While it's hard to pinpoint accurately, estimates place the current number of Americans in Alcoholics Anonymous at more than 1.2 million. AA members meet often; today alone there will be more than 50 AA meetings within a 50-mile radius of downtown Richmond. Attend just about any of them and you likely will hear personal testimonies about the shocking degree of human misery alcohol can inflict.
If you prefer data to anecdotes, consider this: The Centers for Disease Control reports that from 2006 to 2010, "excessive alcohol use led to approximately 88,000 deaths . . . shortening the lives of those who died by an average of 30 years. Further, excessive drinking was responsible for 1 in 10 deaths among working-age adults aged 20-64 years. The economic costs of excessive alcohol consumption in 2010 were estimated at $249 billion."
Yet there are 10 state liquor stores within just a four-mile radius of downtown Richmond, and hundreds across the state. Virginia's Department of Alcoholic Beverage control actually boasts about how much liquor it sells: "The agency is a leading revenue producer for Virginia and the source of future economic growth and innovation for the state," it crows. "Virginia ABC has contributed $8.6 billion to the Commonwealth's general fund."
And that's just liquor stores. There are who-knows-how-many grocery and convenience stores where you can buy beer and wine. More than half the adults in Virginia and across the country have enjoyed at least a drink or two in the past month—and nearly half of those consumed five or more drinks in a sitting—mostly without consequence.
Once upon a time, almost a century ago, the United States decided the social costs of drinking were too high, and imposed Prohibition. It didn't work out well. Though alcohol consumption dipped briefly after Volstead it soon recovered, thanks to Prohibition's creation of a vast underground trade, largely run by organized crime, that flourished despite steep increases in government spending on alcohol control. Bootleggers concentrated more on hard liquor because it was easier to conceal and transport, and the lack of production standards quadrupled the number of deaths from poisoned products.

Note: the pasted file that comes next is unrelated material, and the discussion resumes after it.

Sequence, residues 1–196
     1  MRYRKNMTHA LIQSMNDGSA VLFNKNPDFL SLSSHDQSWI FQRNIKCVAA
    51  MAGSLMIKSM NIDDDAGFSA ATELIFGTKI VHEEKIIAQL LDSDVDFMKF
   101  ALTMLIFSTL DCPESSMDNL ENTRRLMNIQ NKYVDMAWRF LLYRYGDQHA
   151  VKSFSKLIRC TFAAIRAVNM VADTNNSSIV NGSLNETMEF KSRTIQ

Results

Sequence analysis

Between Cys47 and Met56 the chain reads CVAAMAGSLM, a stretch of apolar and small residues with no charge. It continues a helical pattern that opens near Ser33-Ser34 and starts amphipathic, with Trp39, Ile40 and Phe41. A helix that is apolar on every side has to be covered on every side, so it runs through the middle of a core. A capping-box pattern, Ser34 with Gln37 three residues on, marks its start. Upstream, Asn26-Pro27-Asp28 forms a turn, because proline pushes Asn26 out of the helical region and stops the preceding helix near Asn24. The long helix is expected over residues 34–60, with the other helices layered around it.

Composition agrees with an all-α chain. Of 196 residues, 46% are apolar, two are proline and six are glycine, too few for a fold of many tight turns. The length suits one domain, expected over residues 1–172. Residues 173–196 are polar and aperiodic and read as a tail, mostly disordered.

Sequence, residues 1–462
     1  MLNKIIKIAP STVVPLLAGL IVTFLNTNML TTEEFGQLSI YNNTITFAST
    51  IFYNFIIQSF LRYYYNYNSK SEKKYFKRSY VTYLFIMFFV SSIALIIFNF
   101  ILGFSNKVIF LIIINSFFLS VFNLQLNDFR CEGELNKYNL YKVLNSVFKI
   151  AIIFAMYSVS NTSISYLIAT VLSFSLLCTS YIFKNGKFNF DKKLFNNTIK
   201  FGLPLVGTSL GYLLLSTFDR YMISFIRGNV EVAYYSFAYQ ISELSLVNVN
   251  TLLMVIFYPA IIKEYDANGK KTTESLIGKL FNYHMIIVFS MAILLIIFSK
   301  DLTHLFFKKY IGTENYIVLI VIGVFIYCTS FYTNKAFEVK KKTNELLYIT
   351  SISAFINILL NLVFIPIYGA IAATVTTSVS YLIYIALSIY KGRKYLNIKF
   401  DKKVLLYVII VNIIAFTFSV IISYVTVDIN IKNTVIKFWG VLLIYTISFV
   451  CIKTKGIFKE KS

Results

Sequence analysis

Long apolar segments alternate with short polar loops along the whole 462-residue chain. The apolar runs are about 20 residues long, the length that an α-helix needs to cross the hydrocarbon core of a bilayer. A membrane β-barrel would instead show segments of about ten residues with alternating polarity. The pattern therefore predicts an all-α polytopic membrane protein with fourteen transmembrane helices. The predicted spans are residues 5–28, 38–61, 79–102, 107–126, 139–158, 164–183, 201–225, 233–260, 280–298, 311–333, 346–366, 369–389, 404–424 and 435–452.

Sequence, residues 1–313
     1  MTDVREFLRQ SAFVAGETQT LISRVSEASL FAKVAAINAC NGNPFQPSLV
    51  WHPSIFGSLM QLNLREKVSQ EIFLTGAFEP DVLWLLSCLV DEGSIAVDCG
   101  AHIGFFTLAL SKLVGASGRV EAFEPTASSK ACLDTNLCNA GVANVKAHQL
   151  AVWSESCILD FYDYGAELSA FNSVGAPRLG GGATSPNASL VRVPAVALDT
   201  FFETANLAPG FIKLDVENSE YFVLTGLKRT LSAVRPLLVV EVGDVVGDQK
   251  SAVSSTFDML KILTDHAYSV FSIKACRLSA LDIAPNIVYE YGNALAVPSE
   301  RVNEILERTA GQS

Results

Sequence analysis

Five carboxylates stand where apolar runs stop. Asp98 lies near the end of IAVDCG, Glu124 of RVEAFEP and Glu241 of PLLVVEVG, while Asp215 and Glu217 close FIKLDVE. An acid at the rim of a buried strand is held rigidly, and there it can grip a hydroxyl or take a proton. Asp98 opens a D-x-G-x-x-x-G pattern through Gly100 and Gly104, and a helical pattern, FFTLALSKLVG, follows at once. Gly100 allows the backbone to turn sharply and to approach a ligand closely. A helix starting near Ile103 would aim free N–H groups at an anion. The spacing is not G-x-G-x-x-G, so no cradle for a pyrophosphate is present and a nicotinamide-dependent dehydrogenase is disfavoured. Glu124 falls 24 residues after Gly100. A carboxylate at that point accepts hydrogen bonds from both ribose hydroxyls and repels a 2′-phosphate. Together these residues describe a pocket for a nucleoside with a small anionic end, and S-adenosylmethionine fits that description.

Eventually the public wised up. Americans realized that while alcohol causes many problems, banning alcohol does not solve those problems but does create other ones. Almost nobody today would insist the government should forbid Smith to take a drink because Jones has a drinking problem.
Now the public is wising up about the folly of marijuana prohibition. In 1990 Americans favored prohibition 81 to 16 percent; today Americans favor legalization 52 to 45 percent. Politicians, however, are still playing catch-up.
Last week at George Mason University Sen. Bernie Sanders (I-Vt.), a Democratic presidential candidate, recommended a sensible if modest step: removing pot from the list of Schedule I substances, where it now sits alongside heroin and LSD because of the federal government's official but false contention that it has no redeeming uses and can inflict severe physical dependence. Sanders said pot policy should be left to the states.
This is a move in the right direction, albeit a small and timid one. A proper policy would treat marijuana like alcohol (which, unlike pot, can be physically addicting). But at least Sanders has the right idea. Hillary Clinton supports medical marijuana but straddles the fence about recreational pot. The Republican presidential candidates, meanwhile, are mostly stuck in the past.
Republican presidential candidate Ben Carson wants to "intensify" the war on drugs; Gov. Chris Christie (R-N.J.) has frequently fulminated against recreational marijuana. Sen. Marco Rubio (R-Fla.) flatly opposes pot legalization, and Republican Carly Fiorina opposes it "for a whole host of reasons," though she says states should be able to legalize the stuff if they want. That is essentially the same view as that of Republican presidential candidates Sen. Ted Cruz (Tx.), Jeb Bush (Fla.) and Mike Huckabee (Ark.). Gov. John Kasich (OH) opposes even medical marijuana. Sen. Lindsey Graham (S.C.) says marijuana should remain illegal even if it is only "half as bad as alcohol" (!). Even Sen. Rand Paul (Ky.) has been noncommittal about legalization, although he thinks the feds should butt out and penalties should be lower. Gov. Bobby Jindal (La.) might be open to persuasion. (Rick Santorum, George Pataki and Jim Gilmore all oppose legalization and Donald Trump is, as usual, incoherent.)
This is exceedingly odd from a party that claims to venerate individual freedom; abhors big government; mocks liberal paternalists who think government should protect people from themselves; celebrates the free market for meeting consumer demand; and praises (pardon the term) budding entrepreneurs such as those in the marijuana industry. There is not a single conservative argument for pot prohibition consistent with those values, and if liberals ever argued for outlawing tobacco or alcohol for the same reasons that conservatives support marijuana prohibition, conservatives would vilify them as stormtroopers of the nanny state. And they would be right.
Perhaps one of these days conservatives will wake up and realize what they sound like. Fingers crossed, eh?
This article originally appeared at the Richmond Times-Dispatch.